Anna Leask

Anna Leask is a police reporter for the New Zealand Herald.

World Cup waka girls whacked as Party Central got ugly

Stories differ on how the waka crews were navigating the huge crowd on the waterfront during the opening night of the World Cup. Photo / Sarah Ivey
Stories differ on how the waka crews were navigating the huge crowd on the waterfront during the opening night of the World Cup. Photo / Sarah Ivey

Nine teenage waka paddlers were injured trying to navigate their way through the jostling Rugby World Cup crowd at Auckland's waterfront after becoming separated from the main group.

Six of the girls, all aged between 16 and 18, had to be taken to hospital including one with broken ribs, after their group took a wrong turn and ended up amid the crowd.

Paddler Niki Tauhara, who was with the group, said the girls were assaulted by "aggressive" people in the crowd after security guards told them to go the wrong way.

He said the girls were punched, kicked and had bottles thrown at them.

"They are pretty devastated," Mr Tauhara said, describing what happened to them as a "cowardly act".

People in the crowd told a different story of how the waka crews were navigating the crowd.

"A man with the waka crew was very aggressive to the people around. Everyone was getting crushed and he blamed the crowd, who were getting pushed forward," said one woman.

"What clearly didn't help was the oars they were holding lengthways, rather than into the air. People were getting crushed against them."

Another man said he was in an area where "nobody could move an inch".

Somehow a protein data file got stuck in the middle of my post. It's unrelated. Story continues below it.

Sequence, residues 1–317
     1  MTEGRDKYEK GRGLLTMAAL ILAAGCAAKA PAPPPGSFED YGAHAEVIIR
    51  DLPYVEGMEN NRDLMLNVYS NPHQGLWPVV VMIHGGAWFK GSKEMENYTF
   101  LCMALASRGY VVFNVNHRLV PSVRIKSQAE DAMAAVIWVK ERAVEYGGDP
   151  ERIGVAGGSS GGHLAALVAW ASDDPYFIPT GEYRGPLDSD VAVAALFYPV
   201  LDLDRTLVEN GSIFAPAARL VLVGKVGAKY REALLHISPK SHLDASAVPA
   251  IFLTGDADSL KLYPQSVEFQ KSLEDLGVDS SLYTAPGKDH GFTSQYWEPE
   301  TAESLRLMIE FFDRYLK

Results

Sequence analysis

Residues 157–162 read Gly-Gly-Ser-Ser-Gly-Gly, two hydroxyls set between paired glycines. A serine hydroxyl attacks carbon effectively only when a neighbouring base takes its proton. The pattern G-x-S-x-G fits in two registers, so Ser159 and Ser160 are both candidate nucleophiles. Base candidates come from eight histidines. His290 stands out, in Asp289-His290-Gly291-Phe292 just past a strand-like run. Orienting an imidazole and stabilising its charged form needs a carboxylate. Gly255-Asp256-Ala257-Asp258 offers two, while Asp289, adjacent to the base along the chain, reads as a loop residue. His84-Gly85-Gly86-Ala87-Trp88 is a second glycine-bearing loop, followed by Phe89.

"The waka crew came barging through right next to me using their sticks/ores [sic], etc as shields, pushing everyone out of the way. It was really quite scary, and I'm a strong young guy." World Cup waka co-ordinator Joe Conrad said while it was disappointing people got hurt, he was not convinced any crew members had been assaulted. "I'm not denying people were hurt in the crowd. With 250,000 people down in the area somebody was going to get hurt.

Mr Conrad said the paddlers were supposed to follow a planned route to their hotel after they had finished performing on Quay St. But Mr Tauhara's group became separated.

"The route was planned ... we turned right, and they went straight into the crowd. Security saw the tail of the kaihoe disappear into the crowd and thought that was the end of the waka group.

"But there were still a hundred-odd bodies to come through ...

"Someone made the wrong decision. People got hurt and that's very unfortunate."

Mr Conrad added: "We are very fortunate that's all that happened with that many people. Everyone got hit, pushed and squashed."

- NZ Herald

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